Don’t get me wrong, I’m not saying marketing your domain is not important. But, if you’ve bought a bad domain and you do (and overdo) everything laid out in this section and more, it’s still very unlikely that it would sell. It’s like spending car flipping and spending a huge amount of money, time and effort perfecting a car’s paint job, except that this car’s engine is completely fried. You’ll never be able to drive it anyway, no matter how awesome the paint job is, it’s irrelevant.
But in general, the best and easy way to sell a domain is to go with a marketplace. There is many popular marketplace dedicated to selling domains including Flippa and SellDom to sell your domain (full disclosure, I’m working on SellDom). The advantage is to leverage the popularity of that kinds of services in hope that someone will find your domain and buy/make an offer.
Listing on domain marketplaces: This is the most common route. You should, however, acquaint yourself with each marketplace’s policies and fees before deciding to work with them. For example, Sedo’s commission starts at 10% and BrandBucket prohibits listing the domain anywhere else if you’re selling with them. Here’s a list of the most popular marketplaces (in no particular order):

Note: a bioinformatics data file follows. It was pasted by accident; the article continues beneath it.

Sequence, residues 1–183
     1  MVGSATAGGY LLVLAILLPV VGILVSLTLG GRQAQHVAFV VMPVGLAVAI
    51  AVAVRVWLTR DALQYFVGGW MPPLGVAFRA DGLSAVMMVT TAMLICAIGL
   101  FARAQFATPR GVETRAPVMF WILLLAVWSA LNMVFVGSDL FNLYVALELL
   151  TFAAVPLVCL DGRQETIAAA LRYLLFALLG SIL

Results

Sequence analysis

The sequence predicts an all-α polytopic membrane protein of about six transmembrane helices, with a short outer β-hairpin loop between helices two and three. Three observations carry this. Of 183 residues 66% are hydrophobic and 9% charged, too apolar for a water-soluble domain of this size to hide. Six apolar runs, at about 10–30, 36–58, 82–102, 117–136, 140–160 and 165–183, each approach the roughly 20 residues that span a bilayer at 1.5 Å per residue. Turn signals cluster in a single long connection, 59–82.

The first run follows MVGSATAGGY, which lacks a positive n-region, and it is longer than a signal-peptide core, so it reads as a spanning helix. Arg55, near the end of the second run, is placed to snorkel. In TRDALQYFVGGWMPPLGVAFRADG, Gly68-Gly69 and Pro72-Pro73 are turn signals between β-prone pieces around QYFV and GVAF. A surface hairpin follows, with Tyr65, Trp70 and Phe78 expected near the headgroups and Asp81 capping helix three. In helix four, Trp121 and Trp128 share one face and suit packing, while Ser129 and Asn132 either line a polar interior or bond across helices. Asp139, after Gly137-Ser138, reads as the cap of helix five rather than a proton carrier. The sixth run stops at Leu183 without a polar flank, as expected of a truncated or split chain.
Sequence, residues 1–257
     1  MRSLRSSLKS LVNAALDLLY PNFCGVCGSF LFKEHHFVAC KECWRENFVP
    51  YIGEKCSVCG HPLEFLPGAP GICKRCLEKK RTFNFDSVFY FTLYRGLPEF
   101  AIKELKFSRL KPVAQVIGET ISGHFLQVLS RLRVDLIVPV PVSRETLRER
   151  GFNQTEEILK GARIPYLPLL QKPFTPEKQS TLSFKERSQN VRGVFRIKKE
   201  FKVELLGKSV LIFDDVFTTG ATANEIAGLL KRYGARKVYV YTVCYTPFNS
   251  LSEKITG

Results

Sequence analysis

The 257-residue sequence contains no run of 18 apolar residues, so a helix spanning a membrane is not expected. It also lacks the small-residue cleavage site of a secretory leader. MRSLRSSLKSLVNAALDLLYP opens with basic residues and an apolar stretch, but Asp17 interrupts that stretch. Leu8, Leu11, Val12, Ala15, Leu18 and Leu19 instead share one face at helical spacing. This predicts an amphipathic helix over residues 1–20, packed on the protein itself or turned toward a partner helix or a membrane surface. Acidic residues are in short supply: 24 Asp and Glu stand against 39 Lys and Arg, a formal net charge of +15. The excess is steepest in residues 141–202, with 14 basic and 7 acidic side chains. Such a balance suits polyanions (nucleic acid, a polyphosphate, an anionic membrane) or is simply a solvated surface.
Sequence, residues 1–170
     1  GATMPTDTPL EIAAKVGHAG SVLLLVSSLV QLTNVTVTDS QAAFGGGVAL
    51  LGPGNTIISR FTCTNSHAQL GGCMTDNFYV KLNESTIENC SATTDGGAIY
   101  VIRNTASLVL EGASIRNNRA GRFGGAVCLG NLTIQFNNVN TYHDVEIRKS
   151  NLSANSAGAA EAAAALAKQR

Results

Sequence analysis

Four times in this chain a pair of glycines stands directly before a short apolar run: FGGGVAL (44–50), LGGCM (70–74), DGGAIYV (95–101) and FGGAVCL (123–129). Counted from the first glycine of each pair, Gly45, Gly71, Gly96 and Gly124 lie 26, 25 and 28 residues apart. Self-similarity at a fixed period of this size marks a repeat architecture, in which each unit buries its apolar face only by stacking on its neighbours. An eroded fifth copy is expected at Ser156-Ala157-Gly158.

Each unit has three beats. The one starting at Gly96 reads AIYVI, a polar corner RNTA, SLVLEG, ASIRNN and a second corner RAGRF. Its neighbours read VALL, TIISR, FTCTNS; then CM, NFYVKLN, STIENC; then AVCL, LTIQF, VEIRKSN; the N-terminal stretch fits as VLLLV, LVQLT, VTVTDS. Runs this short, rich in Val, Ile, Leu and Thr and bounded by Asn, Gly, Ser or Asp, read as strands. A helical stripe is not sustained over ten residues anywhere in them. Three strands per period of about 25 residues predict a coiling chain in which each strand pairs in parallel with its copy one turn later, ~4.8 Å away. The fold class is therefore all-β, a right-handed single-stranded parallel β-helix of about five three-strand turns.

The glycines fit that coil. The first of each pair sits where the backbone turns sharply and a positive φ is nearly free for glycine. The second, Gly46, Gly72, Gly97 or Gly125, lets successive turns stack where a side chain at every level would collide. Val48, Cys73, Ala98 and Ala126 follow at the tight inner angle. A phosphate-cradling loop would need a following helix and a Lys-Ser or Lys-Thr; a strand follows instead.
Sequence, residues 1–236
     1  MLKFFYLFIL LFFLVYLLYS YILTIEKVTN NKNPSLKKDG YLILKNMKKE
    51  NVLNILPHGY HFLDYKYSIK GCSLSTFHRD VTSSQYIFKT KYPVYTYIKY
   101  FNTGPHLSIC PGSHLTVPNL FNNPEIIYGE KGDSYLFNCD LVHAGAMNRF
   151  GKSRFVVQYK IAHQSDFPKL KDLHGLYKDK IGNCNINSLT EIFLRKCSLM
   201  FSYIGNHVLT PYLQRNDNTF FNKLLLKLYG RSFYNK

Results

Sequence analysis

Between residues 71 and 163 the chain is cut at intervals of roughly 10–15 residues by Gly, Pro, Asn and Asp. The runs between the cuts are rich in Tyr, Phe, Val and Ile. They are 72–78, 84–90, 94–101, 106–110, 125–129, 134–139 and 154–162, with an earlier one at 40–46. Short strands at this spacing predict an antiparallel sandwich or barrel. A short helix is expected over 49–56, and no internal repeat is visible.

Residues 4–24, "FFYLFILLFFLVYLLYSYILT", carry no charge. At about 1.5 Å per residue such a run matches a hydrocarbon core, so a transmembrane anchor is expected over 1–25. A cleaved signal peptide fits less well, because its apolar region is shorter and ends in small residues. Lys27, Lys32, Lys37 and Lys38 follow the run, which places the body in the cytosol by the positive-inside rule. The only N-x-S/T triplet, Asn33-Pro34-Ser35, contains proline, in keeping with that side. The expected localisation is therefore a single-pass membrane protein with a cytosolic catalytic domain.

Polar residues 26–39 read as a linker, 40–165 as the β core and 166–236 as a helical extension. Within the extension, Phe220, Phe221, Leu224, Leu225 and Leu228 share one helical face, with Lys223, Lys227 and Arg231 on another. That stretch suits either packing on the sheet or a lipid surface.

The IP popularity and domain popularity each play a part in the overall quality evaluation. If you come across an expired domain with a high link popularity (i.e. a large number of backlinks), but then poor values when it comes to IP and domain popularity, you can assume that these links were obtained in an artificial way. Domains like these will have already caught the search engines’ attention. Perhaps this is the reason why the domain was abandoned. Users that want to start a serious online project should steer clear of these domains.
If you buy a domain from a 3rd party, the backlinks are valuable. I always wait a few months before redirecting, so just set up a quick minisite until two page rank updates have passed and then go ahead and 301 redirect. However, it seems that you'll get the link juice from the back links, the anchor text is ignored by Google. Buying a domain at Godaddy TDName expired auctions, seem to not count as a dropped domain if you immediately set up a mini-site.